patibulo
    • Maxwell Smart

      [i]If you think of Kubuntu or KDE as part of Ubuntu, I'd say that KDE 4.2 is revolutionary.[/i]

      Now all it needs is to be usable. Still working on that one.

      Unfortunately, there's no 3.5.10 release of kubuntu-desktop for Intrepid or Jaunty.
      Yagotta B. Kidding
  • Real OS innovation is just beginning

    I think the real OS innovation is just beginning.

    The old OS paradigm was to add MORE & MORE features which resulted in slower machines with MORE & MORE bloat.

    The new OS paradigm seems to be "thin", "fast", "intuitive", "net connected", "cloud & app store building blocks".

    Smartphone OSs seem to be leading this rethinking & ultimately we should end up with some great "thin" OSs that can be augmented with whatever applications we want/need (education, business, games, social, media, ...).
    linuser
    • OS Innovation? You mean OS Renovation

      "The new OS paradigm seems to be "thin", "fast", "intuitive", "net connected", "cloud & app store building blocks"."

      Back in the day we didn't need all new fancy terms. We just called it the mainframe.
      _JimB_
  • Releases and service packs in Ubuntu: how to upgrade wisely

    Only LTS versions get "service packs" (point releases). Check this graphical overview of the release cycle of Ubuntu:
    http://www.ubuntu.com/products/ubuntu/release-cycle

    A new version typically has a new Linux kernel, and that's a drastic innovation under the hood. So don't expect a new version simply to be a service pack....

    A wise way to upgrade is as follows:
    - wait until the new Ubuntu version is at least two months old: most annoying bugs will have disappeared by then, by means of updates.
    - preferably, in enterprise use, stick to LTS versions: they get 3 years of updates, whereas ordinary versions get only 18 months of updates.
    - upgrade cleanly: don't upgrade from within the older version, but do a clean install of the new version.

    Have fun, Pjotr.
    pjotr123
  • RE: Ubuntu's

    The only way this could be good for education is if linux's plateau goes into a decline, which has already started. Then education sectors won't have to worry about ever using it again.
    Loverock Davidson
  • Not Really

    Maybe it's a good thing in primary and secondary
    education, but it isn't a good thing forhigher education or
    industry. I've been an enthusiast user of Linux for years
    and finally have started to use it in my research lab. But
    I've run into a problem, OpenSource on the desktop is still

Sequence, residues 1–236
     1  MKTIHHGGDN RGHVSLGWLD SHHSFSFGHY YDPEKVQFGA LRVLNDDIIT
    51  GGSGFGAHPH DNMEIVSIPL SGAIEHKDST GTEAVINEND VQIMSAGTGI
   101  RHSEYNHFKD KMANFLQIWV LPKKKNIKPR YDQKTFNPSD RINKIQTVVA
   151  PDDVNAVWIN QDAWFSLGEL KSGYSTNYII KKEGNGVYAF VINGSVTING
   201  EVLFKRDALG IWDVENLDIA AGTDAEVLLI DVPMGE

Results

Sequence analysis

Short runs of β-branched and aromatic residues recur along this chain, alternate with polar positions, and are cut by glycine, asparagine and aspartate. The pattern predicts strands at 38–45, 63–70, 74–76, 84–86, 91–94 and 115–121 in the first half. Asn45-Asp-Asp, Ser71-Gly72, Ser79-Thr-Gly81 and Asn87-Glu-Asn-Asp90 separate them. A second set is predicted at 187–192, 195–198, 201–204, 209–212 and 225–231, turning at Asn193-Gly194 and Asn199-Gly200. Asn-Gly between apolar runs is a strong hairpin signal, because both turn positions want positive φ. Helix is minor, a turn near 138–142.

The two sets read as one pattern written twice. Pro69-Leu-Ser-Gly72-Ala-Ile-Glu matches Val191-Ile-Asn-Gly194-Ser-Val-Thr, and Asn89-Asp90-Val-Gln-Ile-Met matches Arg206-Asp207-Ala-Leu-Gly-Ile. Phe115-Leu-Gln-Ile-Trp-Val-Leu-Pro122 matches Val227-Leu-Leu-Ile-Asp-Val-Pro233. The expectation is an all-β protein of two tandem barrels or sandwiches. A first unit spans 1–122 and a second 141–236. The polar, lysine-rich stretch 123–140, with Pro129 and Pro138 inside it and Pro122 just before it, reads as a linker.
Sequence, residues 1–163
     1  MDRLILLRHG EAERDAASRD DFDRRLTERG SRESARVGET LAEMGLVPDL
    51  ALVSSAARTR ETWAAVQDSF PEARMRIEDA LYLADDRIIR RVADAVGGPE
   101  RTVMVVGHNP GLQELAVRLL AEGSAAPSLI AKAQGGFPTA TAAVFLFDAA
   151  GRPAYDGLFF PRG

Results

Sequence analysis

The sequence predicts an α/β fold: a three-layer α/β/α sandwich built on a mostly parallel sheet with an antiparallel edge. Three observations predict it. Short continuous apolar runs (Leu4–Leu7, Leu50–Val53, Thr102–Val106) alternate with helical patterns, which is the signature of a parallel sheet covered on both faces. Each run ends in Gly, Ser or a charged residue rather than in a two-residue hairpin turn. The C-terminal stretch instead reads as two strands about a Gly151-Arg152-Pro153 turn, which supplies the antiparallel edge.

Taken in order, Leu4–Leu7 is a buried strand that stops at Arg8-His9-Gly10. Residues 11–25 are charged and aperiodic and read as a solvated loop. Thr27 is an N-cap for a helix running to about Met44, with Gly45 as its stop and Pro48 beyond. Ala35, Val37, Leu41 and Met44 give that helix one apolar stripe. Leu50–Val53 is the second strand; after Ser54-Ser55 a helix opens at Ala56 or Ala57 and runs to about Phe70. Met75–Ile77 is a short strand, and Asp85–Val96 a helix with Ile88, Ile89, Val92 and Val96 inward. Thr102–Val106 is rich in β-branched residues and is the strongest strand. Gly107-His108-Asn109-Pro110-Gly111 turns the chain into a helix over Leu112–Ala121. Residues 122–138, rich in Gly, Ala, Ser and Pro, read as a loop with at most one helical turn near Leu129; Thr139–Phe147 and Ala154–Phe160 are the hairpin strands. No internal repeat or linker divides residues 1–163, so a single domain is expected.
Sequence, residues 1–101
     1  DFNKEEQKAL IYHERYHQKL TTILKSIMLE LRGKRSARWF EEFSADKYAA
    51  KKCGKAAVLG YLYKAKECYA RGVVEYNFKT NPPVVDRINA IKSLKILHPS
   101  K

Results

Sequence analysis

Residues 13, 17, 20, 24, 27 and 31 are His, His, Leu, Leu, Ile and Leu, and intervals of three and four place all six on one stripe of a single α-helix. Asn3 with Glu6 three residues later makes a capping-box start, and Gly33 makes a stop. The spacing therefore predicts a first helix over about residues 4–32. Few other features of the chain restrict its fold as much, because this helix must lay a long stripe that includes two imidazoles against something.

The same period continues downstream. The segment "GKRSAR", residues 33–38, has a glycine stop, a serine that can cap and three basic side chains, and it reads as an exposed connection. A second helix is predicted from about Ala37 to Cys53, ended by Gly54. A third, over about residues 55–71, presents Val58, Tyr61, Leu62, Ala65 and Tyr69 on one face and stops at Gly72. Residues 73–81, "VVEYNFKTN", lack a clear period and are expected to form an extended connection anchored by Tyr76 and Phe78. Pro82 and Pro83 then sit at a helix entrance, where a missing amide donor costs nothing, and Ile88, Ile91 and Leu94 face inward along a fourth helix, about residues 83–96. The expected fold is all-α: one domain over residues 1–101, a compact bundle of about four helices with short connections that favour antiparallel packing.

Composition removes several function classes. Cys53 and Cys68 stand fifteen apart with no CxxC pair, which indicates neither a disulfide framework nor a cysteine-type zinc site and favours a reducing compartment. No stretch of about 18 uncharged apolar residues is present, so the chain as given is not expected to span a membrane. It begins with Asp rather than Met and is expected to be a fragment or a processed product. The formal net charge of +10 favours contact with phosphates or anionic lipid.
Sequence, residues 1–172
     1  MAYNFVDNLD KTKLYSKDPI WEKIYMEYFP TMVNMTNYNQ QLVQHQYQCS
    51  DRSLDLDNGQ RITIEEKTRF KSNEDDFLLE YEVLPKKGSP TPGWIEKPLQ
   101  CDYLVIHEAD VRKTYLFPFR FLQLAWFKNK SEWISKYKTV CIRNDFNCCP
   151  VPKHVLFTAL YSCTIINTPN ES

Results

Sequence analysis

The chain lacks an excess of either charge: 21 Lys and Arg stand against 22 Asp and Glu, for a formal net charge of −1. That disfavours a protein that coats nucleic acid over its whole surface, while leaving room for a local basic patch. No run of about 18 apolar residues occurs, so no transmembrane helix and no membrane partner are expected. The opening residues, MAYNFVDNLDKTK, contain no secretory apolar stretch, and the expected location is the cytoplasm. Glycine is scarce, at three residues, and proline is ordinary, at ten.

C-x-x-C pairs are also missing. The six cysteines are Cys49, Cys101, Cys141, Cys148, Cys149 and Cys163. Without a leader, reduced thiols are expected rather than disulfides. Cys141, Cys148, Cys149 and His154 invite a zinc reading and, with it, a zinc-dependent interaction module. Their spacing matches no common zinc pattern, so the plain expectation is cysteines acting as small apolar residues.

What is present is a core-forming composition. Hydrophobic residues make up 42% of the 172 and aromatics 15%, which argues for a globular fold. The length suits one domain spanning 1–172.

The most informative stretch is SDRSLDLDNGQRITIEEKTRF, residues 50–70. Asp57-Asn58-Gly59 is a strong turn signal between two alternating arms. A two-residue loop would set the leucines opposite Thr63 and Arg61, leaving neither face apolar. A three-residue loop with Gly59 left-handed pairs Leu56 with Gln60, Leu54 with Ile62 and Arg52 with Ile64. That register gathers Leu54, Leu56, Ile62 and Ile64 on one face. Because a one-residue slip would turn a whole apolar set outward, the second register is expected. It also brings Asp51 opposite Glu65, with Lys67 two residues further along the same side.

incredibly immature. Sure, the OS is fine, but application
    support is not. Where's my medical imaging software,
    where's my database client? Unfortunately, they don't
    exist. (And OpenOffice sucks.)

    To say thatt Ubuntu's plateau is good for education is like
    staring at the world through a straw. It's not, Ubuntu is
    much more than just the OS. It represents the best
    packaging of OpenSource offerings available. They have
    the ability to drive OpenSource innovation on the platform,
    and they have used that bully pulpit to great effect in the
    past. There are several more revolutions that are required
    on the OpenSource desktop, and Ubuntu can make those
    happen.

    One other point, while using a plateaued (read
    technologically stagnant) distribution might be good for
    teachers, it isn't good for students. If OpenSource is really
    going to supplant commercial offerings, it needs to offer
    functional equivalency. Otherwise, students will abandon it
    as soon as they reach college for the real stuff. I like
    OpenSource, it should be the "real stuff" not a watered
    down imitation.
    ______________________________________

    <a href="http://www.oak-tree.us/blog">Oak-
    Tree.us/Blog</a>
    Rob Oakes
    • Giving choice is always good for education

      I appreciate what you say about your situation. But I do not see 'the rise of the (Ubuntu) machines' as being an either/or situation. With standard hardware, there are more choices available for students and faculty.

      And that has to be good.
      don@...
  • Let's help Adrian.

    I feel a bit sad for the poor Adrian not finding his way up with 'buntu and brand new technology.